The past year hasn't been kind to Ambarella (NASDAQ:AMBA) shareholders. Despite displaying a bit of strength over the past couple of months, shares of the video processing chip technologist remain off nearly 70% from their 52-week highs set in June. Weakness from its top customer and mounting competitive threats continue to weigh heavily on the stock, but are the risks now baked into the price?
Low GoPro dough
Despite crushing Q4 estimates early last month, Ambarella's soft Q1 guidance reignited one of the biggest fears about the company: Its heavy reliance on GoPro (NASDAQ:GPRO).
Due to lower sales from the action camera specialist, Ambarella now sees Q1 revenue of $55 million to $57 million, which missed the consensus of $62 million, with gross margins expected to decline to 60.5% to 62%. Management now expects GoPro business to account for only a low-single-digit percentage of Q1 revenue, with the weakness likely to continue "until the launch of any new products with our chip."
Said differently, Ambarella likely won't see a sales increase to GoPro until the latter launches its Hero 5 camera in the second half of the year.
While Ambarella's dependence on GoPro is cause for concern, imminent competition from Qualcomm (NASDAQ:QCOM) likely poses an even bigger risk. As fellow Foolish colleague Leo Sun noted earlier this month, the mobile chip giant is aggressively diversifying into SoCs for dash cams, action cameras, and drones, threatening to "marginalize" smaller players like Ambarella.
Of course, Ambarella CEO Fermi Wang downplayed the threat in the last conference call, arguing that Qualcomm's base solution is "quite behind in video quality, compression efficiency, power consumption, video features, and performance." While that certainly seems the case, there's a prevailing thought on Wall Street that Qualcomm could offer the better-priced alternative when cellular integration is considered.
Whole pie still scrumptious
Given those concerns, Ambarella shares would seem like a fairly obvious pass. When you consider the company's longer-term prospects and current valuation, however, the bearish picture isn't quite as clear.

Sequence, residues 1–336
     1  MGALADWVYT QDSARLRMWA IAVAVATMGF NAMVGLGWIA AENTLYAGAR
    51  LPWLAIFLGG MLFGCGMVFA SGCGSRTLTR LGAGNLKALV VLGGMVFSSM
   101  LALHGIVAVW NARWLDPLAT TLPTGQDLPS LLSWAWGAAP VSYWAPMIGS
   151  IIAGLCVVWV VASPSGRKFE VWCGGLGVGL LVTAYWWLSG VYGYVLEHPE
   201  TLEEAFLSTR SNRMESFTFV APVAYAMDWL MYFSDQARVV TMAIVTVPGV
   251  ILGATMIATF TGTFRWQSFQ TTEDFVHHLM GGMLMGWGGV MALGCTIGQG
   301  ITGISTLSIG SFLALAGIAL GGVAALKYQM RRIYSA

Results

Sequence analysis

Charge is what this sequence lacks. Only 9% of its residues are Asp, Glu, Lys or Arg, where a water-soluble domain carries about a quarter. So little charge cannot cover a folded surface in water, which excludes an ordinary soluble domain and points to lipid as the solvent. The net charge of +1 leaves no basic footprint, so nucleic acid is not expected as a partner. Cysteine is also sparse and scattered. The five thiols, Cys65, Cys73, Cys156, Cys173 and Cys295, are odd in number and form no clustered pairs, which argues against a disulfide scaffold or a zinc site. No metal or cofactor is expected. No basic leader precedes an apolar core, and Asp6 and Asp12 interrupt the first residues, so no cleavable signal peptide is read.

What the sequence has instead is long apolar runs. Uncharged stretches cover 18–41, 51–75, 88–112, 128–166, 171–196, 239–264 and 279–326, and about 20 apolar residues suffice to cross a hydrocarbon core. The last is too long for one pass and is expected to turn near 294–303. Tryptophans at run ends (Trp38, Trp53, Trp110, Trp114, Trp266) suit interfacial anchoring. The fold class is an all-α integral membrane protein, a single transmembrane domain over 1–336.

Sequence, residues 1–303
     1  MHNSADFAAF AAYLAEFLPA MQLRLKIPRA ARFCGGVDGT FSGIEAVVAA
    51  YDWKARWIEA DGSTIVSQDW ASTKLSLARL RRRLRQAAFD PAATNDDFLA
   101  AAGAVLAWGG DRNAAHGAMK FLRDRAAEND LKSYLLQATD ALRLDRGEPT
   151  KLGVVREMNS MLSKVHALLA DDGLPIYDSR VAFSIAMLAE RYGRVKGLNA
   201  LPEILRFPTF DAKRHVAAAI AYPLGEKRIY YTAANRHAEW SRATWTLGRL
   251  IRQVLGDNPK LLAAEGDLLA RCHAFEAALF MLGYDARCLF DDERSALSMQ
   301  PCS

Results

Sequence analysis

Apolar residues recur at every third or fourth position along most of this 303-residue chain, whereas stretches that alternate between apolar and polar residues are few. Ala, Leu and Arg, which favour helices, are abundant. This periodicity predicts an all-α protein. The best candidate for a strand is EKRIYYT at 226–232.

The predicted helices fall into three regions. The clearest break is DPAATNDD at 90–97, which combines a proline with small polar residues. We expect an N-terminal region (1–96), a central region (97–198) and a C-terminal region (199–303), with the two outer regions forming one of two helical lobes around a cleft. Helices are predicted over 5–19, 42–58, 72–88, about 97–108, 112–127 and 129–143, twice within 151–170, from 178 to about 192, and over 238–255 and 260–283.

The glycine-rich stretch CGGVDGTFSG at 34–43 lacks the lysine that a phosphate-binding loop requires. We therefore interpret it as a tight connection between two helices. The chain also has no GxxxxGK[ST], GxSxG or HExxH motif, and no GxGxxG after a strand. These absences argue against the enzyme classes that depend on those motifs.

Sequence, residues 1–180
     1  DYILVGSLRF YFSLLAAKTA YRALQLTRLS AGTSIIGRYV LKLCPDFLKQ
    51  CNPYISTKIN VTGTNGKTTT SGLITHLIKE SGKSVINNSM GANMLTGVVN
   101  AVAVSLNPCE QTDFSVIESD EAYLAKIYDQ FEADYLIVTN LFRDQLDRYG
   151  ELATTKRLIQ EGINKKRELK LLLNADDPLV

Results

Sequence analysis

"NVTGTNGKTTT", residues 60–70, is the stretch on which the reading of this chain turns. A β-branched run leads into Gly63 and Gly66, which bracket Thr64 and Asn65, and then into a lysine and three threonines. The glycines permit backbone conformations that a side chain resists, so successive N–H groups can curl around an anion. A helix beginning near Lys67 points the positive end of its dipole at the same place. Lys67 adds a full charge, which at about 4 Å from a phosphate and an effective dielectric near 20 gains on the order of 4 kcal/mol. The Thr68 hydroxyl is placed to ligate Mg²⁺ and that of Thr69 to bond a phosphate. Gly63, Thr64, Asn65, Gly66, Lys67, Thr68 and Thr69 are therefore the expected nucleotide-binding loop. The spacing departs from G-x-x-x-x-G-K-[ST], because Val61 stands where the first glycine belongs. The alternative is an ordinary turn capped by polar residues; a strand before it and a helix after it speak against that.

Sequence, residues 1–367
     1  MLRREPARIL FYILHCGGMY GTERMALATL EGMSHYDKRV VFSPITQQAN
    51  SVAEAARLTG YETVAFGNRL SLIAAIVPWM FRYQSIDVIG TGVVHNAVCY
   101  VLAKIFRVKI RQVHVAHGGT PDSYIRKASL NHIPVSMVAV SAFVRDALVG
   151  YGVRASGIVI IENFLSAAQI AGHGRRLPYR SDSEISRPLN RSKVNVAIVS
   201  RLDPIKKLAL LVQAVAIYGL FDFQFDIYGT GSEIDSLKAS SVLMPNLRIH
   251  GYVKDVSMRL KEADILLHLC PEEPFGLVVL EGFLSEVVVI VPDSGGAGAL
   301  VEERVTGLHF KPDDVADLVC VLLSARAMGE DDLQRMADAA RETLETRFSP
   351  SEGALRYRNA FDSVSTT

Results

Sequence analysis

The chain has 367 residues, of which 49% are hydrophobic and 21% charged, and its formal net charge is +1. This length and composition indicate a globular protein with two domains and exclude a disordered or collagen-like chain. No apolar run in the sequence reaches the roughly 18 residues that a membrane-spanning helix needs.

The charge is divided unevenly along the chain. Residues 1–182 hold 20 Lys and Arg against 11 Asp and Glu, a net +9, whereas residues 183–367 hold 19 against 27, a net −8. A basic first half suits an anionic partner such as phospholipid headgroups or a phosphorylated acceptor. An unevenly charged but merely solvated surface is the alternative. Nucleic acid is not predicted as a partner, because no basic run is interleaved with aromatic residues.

Outside of GoPro, Ambarella's overall growth prospects remain particularly strong. In Q4, the company continued to see solid sales from its professional IP security, automotive, home monitoring, and drone markets. And while management expects a decrease in Q1 IP security camera revenue (increased competition in China), auto aftermarket and drone demand is expected to stay healthy.
Although GoPro's troubles certainly serve as a strong near-term headwind for Ambarella, the customer-concentration strain seems to be pushing management to become better diversified. FBN Securities, for example, estimates that GoPro will only account for about 14% of Ambarella's business in 2017 (down from 31% in 2016), with higher-margin, higher-growth security, drone, and auto markets all expected to represent a significantly greater chunk of the revenue pie.
Buy and watch...closely
I wouldn't expect the GoPro overhang and Qualcomm concerns to go away anytime soon, but the evidence suggests that Ambarella's leading position in several juicy emerging segments remains largely intact. In other words, Ambarella's overall business still offers solid growth upside for patient investors.
More important, with roughly $9 per share in net cash versus a stock price of about $42, the downside looks relatively limited as well. Given its forward P/E and EV/EBITDA multiples of 14.5 and 13.1, respectively, Ambarella's near-term headwinds also seem fairly factored into the valuation.
The competitive and customer-concentration risks surrounding Ambarella need to be closely monitored, but the current risk/reward trade-off seems tempting enough to take a position. So while the stock is far from one that you can just sock away and forget about, the potential long-term gains might be worth the extra bit of supervision.